I had a book stall at an Easter Fair today. Nothing overly spectacular about that, sold some books, met some lovely people, ate some very lovely cake.
But it was on the way home afterwards, that it occurred to me that for the first time in a long time (10 months to be precise), it actually felt like I was going home. Not back to the “new house” or “the comedy house” as it has become known, but home.
It’s been a bit of an up and down 10 months. Without giving too much away, I can say that Wisbech is our nearest town. Quite near, about 5 miles near in truth. We moved here shortly after the 2013 elections, at the same time Wisbech was on the local news almost all of the time for being a hotbed of racist sentiment, over run by Eastern European criminal job stealing gangs, the murder capital of the fens and a “really dangerous place to live” according to Inside Out. To say I was horrified at the thought of bringing my family to live anywhere near here, would be somewhat of an understatement. We were coming from a beautiful Suffolk village, when we told people where we were moving to, it was normally followed by “You’re moving where?” and then “you are joking right?”
So we moved and I hated it. I hated the house, I hated the street and I hated the whole area. The problems we had getting the Baby Boudica’s in local schools only compounded the problem. The situation worsened when I tried to take the Baby Boudica’s into Wisbech to get their feet measured and to buy them some new shoes. Yes, well that went well. Not at all well. The next day I drove back to Suffolk (civilisation) and did some “proper” shopping making a mental note to never set foot in Wisbech again.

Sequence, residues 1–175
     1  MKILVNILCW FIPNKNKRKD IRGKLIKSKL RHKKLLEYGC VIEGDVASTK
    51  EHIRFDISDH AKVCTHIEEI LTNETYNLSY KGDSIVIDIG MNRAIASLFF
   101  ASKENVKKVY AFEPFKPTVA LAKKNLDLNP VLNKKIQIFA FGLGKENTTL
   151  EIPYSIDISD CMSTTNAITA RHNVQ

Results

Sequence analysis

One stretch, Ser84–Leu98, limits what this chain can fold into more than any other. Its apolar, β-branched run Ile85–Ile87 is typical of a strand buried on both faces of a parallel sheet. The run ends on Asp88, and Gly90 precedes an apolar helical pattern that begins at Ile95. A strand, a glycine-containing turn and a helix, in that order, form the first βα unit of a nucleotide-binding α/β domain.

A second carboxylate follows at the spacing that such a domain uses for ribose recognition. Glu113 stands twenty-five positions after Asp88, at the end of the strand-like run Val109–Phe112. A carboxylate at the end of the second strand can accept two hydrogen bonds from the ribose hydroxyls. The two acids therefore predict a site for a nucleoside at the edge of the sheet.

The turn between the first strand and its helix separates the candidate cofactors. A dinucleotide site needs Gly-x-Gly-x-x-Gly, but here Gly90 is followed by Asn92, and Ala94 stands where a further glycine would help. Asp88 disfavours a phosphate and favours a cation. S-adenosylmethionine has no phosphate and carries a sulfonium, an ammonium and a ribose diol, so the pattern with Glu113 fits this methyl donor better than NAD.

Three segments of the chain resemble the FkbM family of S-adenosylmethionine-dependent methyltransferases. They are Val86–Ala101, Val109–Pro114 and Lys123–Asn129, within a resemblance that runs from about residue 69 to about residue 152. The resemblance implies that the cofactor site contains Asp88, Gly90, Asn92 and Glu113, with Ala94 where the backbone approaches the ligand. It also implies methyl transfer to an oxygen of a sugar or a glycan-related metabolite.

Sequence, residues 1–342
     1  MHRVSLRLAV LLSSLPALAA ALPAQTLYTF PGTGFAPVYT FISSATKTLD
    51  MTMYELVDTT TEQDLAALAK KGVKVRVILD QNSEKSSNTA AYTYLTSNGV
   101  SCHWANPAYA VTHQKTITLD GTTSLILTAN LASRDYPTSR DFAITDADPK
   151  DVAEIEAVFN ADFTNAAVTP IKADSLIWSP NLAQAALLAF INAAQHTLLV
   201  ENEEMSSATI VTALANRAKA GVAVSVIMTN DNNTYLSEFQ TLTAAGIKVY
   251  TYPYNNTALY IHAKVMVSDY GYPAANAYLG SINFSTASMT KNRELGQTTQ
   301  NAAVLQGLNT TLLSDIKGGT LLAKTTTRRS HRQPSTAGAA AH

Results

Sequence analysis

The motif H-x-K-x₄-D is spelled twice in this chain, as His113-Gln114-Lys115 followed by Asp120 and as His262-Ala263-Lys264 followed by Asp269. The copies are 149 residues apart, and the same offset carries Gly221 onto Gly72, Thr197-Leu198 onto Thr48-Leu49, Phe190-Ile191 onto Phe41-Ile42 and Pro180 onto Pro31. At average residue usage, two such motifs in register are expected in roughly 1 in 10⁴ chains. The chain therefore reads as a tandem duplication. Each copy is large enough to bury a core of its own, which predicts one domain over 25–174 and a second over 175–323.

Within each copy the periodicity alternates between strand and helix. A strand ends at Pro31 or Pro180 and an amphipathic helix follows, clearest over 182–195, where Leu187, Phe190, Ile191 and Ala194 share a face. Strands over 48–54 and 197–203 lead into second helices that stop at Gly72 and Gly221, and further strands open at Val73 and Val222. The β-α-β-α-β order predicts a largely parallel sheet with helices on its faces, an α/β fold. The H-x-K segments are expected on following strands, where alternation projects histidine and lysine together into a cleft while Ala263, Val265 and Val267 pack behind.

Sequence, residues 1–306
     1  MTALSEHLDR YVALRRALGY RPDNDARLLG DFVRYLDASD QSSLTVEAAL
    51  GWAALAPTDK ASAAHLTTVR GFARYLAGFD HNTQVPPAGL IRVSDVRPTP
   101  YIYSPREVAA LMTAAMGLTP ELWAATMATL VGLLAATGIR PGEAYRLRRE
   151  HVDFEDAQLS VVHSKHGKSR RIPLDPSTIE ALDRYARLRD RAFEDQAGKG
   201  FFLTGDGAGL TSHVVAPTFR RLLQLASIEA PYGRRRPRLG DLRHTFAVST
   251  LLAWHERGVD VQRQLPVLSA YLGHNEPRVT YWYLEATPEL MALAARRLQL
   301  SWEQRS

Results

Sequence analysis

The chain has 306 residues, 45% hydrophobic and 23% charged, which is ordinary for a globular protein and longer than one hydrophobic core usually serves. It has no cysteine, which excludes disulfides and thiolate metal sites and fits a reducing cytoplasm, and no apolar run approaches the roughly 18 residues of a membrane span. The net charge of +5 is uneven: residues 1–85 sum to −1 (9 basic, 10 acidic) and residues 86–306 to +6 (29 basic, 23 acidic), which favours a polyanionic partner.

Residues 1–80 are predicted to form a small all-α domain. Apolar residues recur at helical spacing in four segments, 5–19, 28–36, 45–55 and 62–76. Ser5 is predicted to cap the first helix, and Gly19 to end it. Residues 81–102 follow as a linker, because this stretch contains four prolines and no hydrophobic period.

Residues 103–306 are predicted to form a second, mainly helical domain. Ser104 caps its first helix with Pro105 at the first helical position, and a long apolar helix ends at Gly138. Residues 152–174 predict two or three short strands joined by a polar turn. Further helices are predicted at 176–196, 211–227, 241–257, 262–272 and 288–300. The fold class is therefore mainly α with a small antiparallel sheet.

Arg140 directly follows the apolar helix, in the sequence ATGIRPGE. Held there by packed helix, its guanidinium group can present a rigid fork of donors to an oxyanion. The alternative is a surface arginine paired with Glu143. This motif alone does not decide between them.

It later turned out that Downham Market is the place to go for that. Downham Market did however meet with approval on that front.
Now we’ve been here nearly a year, my feelings are slightly different: The fens may be flat but they have a stark beauty in places that has grown on me. I’ve met some lovely people, from all communities, who I now call friends. People who have opened their hearts and homes and made us feel welcome. Through doing book stalls I’ve met some amazing people who are really keen to stand up, welcome everyone no matter where they come from and to improve their local communities. I’ve met local business people and producers doing a sterling job trying to create jobs, make a living and produce great products. Wisbech has the most fantastic little independent cinema as well. It’s not quite the picture the media would like to give us of Wisbech and it’s surrounds.
Yes, our neighbours have been burgled and had their car stolen, ours was attempted but The Boudica Mutt took loud exception to that. But things like that happen everywhere.
Yes Wisbech has it’s problems, doesn’t everywhere? I also don’t think Immigration is it’s biggest problem. Let me tell you, when I had a book stall in Wisbech, it wasn’t the Eastern Europeans that were rude and tried to steal my books. I think in all truth, the biggest problem is PR.
One of the first things I noticed about Wisbech was it’s magnificent Georgian architecture. There are some seriously beautiful buildings about. Wisbech had a castle! What an amazing place it must have been before it’s fortunes changed. There’s a lot of building going on just outside town, trying to turn the area into just any other superstore clone town, but the town centre area still has the sad feeling of a town in the care home equivalent for Georgian towns. With more committed people, a proactive community and council, better appreciation and better PR, maybe things can turn around?
For better or worse, this is home now. Not just where we happen to live at this particular time, home. Maybe I’ll bother to plant the hanging baskets this year?!